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23.8.2007

Nordic road fatalities

Tags: Uncategorized — Author: @ 4:31 pm

Why does Finland lead the Scandinavian nations in road fatalities? Don’t say “alcohol tax drop” because Finland has always lead in traffic deaths, and it seems almost every country has seen a dramatic decrease since 1990.

A total of 41 people were killed in road accidents during the month of July in Finland. This is eight more than in the same month last year.

According to a recent study at Berkley, mobile phone while driving does not cause more accidents…

It’s conventional wisdom that talking on cell phones while driving is risky business, but two University of California, Berkeley, graduate student economists report that a spike in cell phone use in recent years and on weekday evenings is not matched by an increase in fatal or non-fatal car crashes from 2002-2005.

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  • Kristian

    Don’t say “alcohol tax drop”

    Fair enough. I’ll say it’s the alcohol binge culture that’s created by punitively high-priced alcohol, in general.

  • Anonymous

    Old and unsafe car base, thanks to the car tax.

  • PePe

    >Old and unsafe car base, thanks to the car tax.

    BINGO! we have a winner!

  • Herkku

    Alex, I will go with “What is just one statistic after another?” Final answer.

  • Herkku

    Sorry for the winter-y post, I just could not resist.

  • T

    Using road fatalities per population seems kind of a weird indicator. Usually traffic safety is measured by accidents per distance traveled by one person. Taking Finland’s long distances into account, that might show more favorable numbers.

    It might still be higher for various reasons: ill-conditioned and old road network, long winters with slippery roads (this and poor roads are a deadly combination), moose accidents (biggest single road killer after drunk driving, if I recall correctly) etc.

  • tim73

    Finland is more sparsely populated and we have a lot of quite narrow roads at the countryside than other Scandinavian countries. In Sweden and Denmark more people relatively lives in cities or suburbans than here. That means much safer and wider roads when driving at high speeds and also much lower speeds in two-way suburban roads. Norway is a very rich oil country that can invest a lot of money to roads.

    The real killer is the common countryside two-way road with speed limit 100 km/h. Nothing kills more than car collision accidents on those roads. So that is why the number of road fatalities are relatively close to Canada with similar infrastructure.

  • Kez0nat0r

    Bah, Finns just have Le need for speed ;-)
    http://en.wikipedia.org/wiki/Neste_Rally_Finland#winners

  • maaksalaatikko

    Insanely dangerous roads in between cities. Two lanes, no separation between lanes, twisting, turning, rising, falling roads due to topography.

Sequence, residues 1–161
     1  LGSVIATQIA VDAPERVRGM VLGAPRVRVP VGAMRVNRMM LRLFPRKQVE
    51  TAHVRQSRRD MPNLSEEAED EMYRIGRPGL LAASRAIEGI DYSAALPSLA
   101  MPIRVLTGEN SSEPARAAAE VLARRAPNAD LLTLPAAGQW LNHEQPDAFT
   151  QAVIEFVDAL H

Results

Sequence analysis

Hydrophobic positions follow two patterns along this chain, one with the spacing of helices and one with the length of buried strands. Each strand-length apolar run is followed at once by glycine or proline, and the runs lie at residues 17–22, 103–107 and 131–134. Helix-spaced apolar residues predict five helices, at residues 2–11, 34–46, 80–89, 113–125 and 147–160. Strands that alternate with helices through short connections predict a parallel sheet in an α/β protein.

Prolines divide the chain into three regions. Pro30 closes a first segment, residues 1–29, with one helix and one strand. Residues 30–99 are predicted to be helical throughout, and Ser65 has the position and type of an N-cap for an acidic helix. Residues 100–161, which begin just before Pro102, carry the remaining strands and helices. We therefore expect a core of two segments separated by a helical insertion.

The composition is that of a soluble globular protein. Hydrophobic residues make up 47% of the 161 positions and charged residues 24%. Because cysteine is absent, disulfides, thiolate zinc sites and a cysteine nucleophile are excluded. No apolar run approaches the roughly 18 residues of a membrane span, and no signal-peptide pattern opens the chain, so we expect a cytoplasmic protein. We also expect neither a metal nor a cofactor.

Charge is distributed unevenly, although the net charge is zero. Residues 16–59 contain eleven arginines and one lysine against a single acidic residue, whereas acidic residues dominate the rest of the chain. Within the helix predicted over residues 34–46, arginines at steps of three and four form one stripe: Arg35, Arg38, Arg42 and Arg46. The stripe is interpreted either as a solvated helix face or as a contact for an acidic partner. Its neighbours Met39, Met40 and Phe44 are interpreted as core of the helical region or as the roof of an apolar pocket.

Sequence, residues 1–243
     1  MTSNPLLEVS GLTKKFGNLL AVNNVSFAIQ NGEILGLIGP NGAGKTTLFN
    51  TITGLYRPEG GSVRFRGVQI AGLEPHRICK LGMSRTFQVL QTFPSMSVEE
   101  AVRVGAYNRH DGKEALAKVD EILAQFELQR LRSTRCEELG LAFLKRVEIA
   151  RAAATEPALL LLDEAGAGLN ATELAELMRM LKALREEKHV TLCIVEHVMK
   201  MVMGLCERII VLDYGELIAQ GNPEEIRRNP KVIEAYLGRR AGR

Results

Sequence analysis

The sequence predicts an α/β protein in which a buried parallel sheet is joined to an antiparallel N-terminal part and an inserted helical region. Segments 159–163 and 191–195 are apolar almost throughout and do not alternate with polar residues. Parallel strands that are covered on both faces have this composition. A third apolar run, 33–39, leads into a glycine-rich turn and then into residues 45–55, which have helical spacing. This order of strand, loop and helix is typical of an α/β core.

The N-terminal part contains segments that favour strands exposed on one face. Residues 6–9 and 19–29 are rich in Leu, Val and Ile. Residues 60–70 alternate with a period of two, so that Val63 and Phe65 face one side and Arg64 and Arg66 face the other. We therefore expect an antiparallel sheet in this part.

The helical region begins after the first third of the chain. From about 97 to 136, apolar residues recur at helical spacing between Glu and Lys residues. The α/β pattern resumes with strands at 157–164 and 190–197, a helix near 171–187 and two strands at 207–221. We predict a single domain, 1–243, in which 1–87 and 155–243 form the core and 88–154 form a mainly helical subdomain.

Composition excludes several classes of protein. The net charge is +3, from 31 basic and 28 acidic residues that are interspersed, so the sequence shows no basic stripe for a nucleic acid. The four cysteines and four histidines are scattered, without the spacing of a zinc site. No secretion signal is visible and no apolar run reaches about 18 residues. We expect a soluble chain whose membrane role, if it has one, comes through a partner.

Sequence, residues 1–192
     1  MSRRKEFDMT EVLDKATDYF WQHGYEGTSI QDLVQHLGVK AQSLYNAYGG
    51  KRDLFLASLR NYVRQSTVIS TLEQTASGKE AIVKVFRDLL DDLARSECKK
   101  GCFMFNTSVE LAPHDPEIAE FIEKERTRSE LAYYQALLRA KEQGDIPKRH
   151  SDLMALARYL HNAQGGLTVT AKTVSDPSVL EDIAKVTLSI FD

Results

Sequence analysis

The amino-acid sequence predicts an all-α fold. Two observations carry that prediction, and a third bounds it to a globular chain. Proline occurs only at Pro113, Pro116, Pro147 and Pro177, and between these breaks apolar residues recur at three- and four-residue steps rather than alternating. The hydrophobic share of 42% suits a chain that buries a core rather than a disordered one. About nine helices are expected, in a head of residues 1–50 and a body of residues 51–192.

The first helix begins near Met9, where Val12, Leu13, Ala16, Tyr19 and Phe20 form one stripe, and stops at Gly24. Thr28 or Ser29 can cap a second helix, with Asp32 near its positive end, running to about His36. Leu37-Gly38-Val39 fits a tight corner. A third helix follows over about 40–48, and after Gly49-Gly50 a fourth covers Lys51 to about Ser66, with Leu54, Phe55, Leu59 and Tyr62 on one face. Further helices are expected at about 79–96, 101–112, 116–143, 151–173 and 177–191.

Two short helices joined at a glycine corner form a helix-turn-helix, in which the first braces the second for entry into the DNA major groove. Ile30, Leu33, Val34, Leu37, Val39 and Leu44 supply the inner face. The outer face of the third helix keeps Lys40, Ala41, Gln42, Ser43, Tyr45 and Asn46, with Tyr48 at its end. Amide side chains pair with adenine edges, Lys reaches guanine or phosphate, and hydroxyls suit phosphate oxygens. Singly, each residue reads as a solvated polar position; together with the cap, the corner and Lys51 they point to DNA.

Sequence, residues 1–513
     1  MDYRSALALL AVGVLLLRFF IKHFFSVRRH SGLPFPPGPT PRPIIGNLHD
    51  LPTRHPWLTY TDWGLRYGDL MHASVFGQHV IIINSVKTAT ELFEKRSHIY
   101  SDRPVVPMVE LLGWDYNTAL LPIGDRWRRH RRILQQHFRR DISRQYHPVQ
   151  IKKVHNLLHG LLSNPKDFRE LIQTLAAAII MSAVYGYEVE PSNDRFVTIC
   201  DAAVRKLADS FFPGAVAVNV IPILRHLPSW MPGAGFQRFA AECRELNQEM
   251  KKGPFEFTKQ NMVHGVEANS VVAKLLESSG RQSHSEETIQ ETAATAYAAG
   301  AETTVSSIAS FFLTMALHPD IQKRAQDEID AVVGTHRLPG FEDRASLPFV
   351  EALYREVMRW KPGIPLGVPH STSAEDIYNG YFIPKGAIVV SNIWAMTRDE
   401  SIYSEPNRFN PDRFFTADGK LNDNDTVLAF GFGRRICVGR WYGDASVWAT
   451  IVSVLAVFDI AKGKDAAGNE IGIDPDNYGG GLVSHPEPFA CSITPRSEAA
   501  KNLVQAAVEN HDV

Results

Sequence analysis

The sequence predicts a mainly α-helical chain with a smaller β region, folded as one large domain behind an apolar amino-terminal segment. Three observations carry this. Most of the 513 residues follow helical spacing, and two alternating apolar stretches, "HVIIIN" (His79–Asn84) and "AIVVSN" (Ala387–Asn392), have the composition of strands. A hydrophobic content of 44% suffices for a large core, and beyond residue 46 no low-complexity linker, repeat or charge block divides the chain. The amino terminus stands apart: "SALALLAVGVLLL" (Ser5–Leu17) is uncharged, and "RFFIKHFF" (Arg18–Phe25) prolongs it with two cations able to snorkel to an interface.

Everytime I go to Finland I spend the first week of driving in a cold sweat.

  • winter, “Yea, Proton Power, now in remission”

    Look I don’t care that you tax cars to death. I just care that the tax takes from the economic base and spends it on items the economic base has already rejected, we call that “feel good items”.

    It also kills any hope of the slave class getting a real job, so they sit around waiting for their next hand out.

  • Mara

    And the big government! ;-) It collects roughly ten times more money from the road users than puts money back to the roads. I do not have good or even very recent statistics, but Helsingin Sanomat had done some investigative journalism and published a full page article about the trend of total sums when Juhani Korpela, the head of transporttaion ministry, retired somewhere round year 2003. The newspaper reported that Korpela seemed surprised about the low share returned…

    You just cannot beat the big government as the source of evil. In this case sucking the money out of road transportation serves is a double bad: the politicians can always refer to the low level of safety and high level of pollution as a good reason to increase taxes on the bad, bad cars. When in fact the right thing to do would be to use the bulk of monies collected to ameliorate the problems. The only problem from that would be that the tax payers could not be cowed to pay for non-existing problems and the big government would have to reform into a lean government. And that will not do, says our neo-con Katainen.

  • JG

    I think Tim73 is right in nr 7.
    I can also say that the Swedish government has also put a very high priority on road safety with very strict measures as part of its “projekt Nollvision”. The speed limits are lower here, there are many more speed cameras and police controls etc. The motorway network is also more extensive (motorways are significantly safer than ordinary two land roads without a barrier in between the traffic) and even many of the old type of highways have been made into so called 2+1 roads, with a barrier separating the different directions.